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Our purpose here is to test the hypothesis that Randall's plaques, calcium phosphate deposits in kidneys of patients with calcium renal stones, arise in unique anatomical regions of the kidney, their formation conditioned by specific stone-forming pathophysiologies. To test this hypothesis, we performed intraoperative biopsies of plaques in kidneys of(More)
Using a combination of intra-operative digital photography and micro-biopsy we measured renal cortical and papillary changes in five patients with primary hyperparathyroidism and abundant calcium phosphate kidney stones. Major tissue changes were variable papillary flattening and retraction, dilation of the ducts of Bellini, and plugging with apatite(More)
Although calcium oxalate (CaOx) renal stones are known to grow attached to renal papillae, and specifically to regions of papillae that contain Randall's plaque (interstitial apatite deposits), the mechanisms of stone overgrowth on plaque are not known. To investigate the problem, we have obtained biopsy specimens from two stone patients that included an(More)
We present here the anatomy and histopathology of kidneys from 11 patients with renal stones following small bowel resection, including 10 with Crohn's disease and 1 resection in infancy for unknown cause. They presented predominantly with calcium oxalate stones. Risks of formation included hyperoxaluria (urine oxalate excretion greater than 45 mg per day)(More)
OBJECTIVES To assess the ability of helical computed tomography (CT) to differentiate regions of known mineral composition in typical, heterogeneous urinary stones. Interest is substantial in the urologic community in using radiologic imaging to determine accurately the composition of urinary calculi. Recent advances in CT make this a viable prospect, but(More)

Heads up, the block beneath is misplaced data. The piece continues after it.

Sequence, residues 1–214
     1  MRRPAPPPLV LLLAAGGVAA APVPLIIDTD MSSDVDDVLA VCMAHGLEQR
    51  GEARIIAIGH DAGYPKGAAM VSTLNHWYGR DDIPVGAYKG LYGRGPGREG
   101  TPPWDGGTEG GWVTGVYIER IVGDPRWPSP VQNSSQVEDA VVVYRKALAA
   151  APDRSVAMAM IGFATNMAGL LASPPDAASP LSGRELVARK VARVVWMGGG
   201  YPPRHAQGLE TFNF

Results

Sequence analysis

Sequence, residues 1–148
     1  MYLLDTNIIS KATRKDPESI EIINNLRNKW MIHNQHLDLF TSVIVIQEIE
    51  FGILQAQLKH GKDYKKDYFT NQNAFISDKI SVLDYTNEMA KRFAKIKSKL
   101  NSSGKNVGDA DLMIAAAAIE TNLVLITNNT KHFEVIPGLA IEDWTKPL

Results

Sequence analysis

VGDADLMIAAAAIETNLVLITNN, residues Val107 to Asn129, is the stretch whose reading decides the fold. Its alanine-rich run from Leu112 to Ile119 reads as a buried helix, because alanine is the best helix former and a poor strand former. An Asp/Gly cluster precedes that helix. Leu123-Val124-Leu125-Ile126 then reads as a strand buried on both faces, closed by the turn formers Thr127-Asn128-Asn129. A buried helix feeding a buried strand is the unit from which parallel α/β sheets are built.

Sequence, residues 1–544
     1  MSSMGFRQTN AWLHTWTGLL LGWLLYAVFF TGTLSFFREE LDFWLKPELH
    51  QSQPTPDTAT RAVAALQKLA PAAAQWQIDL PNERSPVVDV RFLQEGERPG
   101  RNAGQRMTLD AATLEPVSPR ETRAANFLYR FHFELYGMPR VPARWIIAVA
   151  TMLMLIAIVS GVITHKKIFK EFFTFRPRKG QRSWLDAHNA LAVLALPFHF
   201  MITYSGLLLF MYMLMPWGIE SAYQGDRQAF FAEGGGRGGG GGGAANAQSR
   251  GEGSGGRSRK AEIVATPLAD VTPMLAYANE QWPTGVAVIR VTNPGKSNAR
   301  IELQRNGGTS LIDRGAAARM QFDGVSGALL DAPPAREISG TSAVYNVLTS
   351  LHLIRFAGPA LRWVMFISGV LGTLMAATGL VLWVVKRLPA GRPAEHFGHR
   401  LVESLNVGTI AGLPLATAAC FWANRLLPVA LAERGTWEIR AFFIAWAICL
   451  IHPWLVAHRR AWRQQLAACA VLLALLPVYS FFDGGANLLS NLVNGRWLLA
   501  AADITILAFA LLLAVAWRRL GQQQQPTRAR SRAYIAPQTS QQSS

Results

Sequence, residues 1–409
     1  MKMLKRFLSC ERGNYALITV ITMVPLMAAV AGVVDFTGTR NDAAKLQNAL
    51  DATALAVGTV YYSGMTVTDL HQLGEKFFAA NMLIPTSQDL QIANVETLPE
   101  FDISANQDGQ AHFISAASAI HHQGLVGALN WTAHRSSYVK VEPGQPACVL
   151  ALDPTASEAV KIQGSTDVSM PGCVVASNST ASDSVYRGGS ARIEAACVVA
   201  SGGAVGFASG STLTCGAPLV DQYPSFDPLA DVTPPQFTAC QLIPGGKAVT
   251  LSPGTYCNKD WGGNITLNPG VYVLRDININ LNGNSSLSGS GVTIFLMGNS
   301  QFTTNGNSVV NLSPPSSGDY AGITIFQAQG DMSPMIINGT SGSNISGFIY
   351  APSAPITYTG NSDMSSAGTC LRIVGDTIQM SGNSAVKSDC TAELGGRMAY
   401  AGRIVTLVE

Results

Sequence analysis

BACKGROUND We have biopsied the renal cortex and papillae of patients who form brushite renal stones asking if this unusual stone type is associated with specific tissue changes. We contrasted these with biopsies of 15 calcium oxalate stone formers, three stone formers with intestinal bypass, and four normal subjects. METHODS We studied all ten brushite(More)
We have biopsied the papillae of patients who have cystine stones asking if this stone type is associated with specific tissue changes. We studied seven cystine stone formers (SF) treated with percutaneous nephrolithotomy using digital video imaging of renal papillae for mapping and obtained papillary biopsies. Biopsies were analyzed by routine light and(More)
BACKGROUND Micro computed tomography (micro CT) has been shown to provide exceptionally high quality imaging of the fine structural detail within urinary calculi. We tested the idea that micro CT might also be used to identify the mineral composition of urinary stones non-destructively. METHODS Micro CT x-ray attenuation values were measured for mineral(More)
Patients with ileostomy typically have recurrent renal stones and produce scanty, acidic, sodium-poor urine because of abnormally large enteric losses of water and sodium bicarbonate. Here we used a combination of intra-operative digital photography and biopsy of the renal papilla and cortex to measure changes associated with stone formation in seven(More)
Our previous work has shown that stone formers who form calcium phosphate (CaP) stones that contain any brushite (BRSF) have a distinctive renal histopathology and surgical anatomy when compared with idiopathic calcium oxalate stone formers (ICSF). Here we report on another group of idiopathic CaP stone formers, those forming stone containing primarily(More)